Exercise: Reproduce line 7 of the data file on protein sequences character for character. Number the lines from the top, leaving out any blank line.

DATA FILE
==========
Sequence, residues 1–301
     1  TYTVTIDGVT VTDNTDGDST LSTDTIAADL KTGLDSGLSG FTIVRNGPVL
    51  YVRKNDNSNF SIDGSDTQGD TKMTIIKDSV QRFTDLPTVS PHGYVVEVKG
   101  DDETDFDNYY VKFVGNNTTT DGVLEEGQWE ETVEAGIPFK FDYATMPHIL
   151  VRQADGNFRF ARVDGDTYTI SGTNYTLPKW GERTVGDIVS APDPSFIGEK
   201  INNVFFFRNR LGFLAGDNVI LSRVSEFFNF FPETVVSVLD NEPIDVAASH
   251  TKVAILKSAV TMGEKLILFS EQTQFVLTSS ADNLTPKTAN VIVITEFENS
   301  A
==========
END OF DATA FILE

   251  TKVAILKSAV TMGEKLILFS EQTQFVLTSS ADNLTPKTAN VIVITEFENS